The Graph That Changed Me
Why UX Launchpad Won’t Be Like RealNetworks
RealNetworks popularized “streaming media” in the 90's, but stumbled after the dot-com crash in 2000, and never fully recovered.
I worked at Real from 2000 (before the crash) to 2005. And I noticed an interesting thing right away: RealPlayer was seen as annoying. Really annoying. Legendarily annoying. Pop-ups, forced upgrades, spyware, deals with shady partners, the works.
Which was a shame, because there was a time when RealPlayer was a pioneering technology, and one that people actually liked to use. But through a lot of user-hostile decisions by management, people learned not to trust RealPlayer or RealNetworks as a whole.
As employees, we weren’t proud of our business tactics, and we griped about them frequently. The topic came up at company meetings, round table conversations with executives, and through a lot of water cooler conversation over email, during lunch, and across the foosball table.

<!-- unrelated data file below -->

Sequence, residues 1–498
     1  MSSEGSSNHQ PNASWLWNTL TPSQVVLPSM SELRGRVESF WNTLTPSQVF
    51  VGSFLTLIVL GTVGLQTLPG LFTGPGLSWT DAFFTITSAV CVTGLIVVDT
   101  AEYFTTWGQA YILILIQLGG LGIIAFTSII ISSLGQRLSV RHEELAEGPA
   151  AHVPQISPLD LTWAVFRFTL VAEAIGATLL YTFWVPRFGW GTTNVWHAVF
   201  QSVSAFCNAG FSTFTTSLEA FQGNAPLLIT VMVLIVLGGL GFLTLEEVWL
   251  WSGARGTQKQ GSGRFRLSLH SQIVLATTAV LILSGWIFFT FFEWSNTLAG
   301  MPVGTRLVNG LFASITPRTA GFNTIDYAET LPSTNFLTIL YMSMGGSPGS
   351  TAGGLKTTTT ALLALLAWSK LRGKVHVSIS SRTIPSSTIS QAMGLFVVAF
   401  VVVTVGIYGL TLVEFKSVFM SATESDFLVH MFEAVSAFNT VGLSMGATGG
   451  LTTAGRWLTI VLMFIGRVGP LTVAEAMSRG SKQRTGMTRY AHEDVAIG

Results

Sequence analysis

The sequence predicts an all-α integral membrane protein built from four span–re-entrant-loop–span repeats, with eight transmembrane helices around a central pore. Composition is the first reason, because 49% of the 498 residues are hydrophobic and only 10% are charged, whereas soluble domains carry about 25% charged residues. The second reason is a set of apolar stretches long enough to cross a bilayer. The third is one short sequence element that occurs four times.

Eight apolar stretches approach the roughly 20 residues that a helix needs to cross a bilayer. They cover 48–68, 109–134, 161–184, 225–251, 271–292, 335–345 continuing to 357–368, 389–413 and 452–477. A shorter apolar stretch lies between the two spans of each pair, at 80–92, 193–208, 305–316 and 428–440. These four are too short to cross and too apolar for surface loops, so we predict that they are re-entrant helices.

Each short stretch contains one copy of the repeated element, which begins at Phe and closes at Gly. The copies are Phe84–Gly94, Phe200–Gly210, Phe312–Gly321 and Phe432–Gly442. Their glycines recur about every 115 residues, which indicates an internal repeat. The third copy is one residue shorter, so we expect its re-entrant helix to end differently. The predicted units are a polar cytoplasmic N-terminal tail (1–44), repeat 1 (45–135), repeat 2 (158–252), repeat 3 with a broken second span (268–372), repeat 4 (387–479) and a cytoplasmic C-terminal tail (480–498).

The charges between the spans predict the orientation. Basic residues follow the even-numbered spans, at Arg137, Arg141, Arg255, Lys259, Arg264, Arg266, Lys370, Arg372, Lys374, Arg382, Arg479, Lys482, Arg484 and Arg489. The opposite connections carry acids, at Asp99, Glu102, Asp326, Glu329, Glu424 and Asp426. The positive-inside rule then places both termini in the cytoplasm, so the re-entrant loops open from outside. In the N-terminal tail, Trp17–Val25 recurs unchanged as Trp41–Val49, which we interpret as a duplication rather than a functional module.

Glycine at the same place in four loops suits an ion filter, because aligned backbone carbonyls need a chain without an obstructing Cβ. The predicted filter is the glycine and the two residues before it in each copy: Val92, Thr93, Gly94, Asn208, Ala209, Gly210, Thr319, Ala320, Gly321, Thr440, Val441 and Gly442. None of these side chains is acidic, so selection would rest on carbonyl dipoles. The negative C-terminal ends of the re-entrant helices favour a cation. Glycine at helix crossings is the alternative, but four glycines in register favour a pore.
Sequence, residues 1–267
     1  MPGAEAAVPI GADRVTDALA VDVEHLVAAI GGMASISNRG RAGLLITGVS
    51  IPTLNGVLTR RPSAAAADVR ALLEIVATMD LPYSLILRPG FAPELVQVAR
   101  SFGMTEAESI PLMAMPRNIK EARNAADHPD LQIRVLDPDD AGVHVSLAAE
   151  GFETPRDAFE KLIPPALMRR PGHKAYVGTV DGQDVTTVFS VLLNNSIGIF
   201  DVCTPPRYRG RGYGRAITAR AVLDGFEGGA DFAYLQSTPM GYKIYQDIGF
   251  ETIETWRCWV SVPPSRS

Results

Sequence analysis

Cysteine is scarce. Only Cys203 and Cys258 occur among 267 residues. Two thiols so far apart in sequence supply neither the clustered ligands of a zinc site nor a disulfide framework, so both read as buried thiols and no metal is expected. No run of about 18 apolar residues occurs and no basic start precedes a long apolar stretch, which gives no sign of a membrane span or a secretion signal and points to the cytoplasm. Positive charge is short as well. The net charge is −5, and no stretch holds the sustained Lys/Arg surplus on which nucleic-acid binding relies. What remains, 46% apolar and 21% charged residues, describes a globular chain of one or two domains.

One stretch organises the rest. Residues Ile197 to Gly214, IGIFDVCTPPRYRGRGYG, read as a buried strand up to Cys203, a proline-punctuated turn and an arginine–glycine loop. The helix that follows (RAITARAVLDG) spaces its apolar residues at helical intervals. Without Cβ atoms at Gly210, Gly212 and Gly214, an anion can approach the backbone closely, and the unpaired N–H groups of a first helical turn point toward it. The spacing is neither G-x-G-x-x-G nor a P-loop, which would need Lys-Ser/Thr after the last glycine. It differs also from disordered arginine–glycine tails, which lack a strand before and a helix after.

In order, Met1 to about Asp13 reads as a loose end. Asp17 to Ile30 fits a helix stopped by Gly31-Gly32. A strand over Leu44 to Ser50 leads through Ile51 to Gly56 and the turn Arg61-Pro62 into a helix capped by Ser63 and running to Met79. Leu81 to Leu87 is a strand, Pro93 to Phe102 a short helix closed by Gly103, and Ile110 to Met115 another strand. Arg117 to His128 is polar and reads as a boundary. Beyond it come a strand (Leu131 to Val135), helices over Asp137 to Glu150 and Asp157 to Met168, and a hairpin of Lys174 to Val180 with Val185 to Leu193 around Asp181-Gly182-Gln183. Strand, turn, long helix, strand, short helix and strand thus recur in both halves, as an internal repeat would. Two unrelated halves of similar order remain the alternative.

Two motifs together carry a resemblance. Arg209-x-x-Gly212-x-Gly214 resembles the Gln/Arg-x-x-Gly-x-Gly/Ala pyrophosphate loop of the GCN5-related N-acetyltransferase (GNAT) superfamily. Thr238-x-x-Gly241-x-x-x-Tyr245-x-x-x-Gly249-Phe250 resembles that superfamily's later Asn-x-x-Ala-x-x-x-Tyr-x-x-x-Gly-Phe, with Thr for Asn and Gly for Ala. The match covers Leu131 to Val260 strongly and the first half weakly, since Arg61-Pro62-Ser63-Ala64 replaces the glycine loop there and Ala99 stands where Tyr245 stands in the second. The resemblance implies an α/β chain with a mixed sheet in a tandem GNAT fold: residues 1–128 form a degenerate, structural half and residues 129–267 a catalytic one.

One day my manager showed me a horrible graph. It was pretty simple: the graph was steady, then it dropped straight down, then after a short period, the line shot straight back up and stayed level again:
“That’s what happens when we do the right thing”, he said while pointing at the drop, “and that’s how much money we lose. We tried it just to see how bad it was for our bottom line. And this is what the data tells us.”
“Wow,” I said, taken aback. My employer clearly had two options: “do the right thing” or “be profitable”. That was the position they had maneuvered themselves into through a series of bad management decisions.
My manager then said, “More than half the company would have to lose their job in order for us to stop these tactics … so are you volunteering to be one of them?”
That was the day I learned I’d rather lose respectfully than win without honor. Once people become wary of your products or your business ethics, it’s game over. You can’t sustain for long, because you won’t keep your customers much longer.
Not to mention your employees.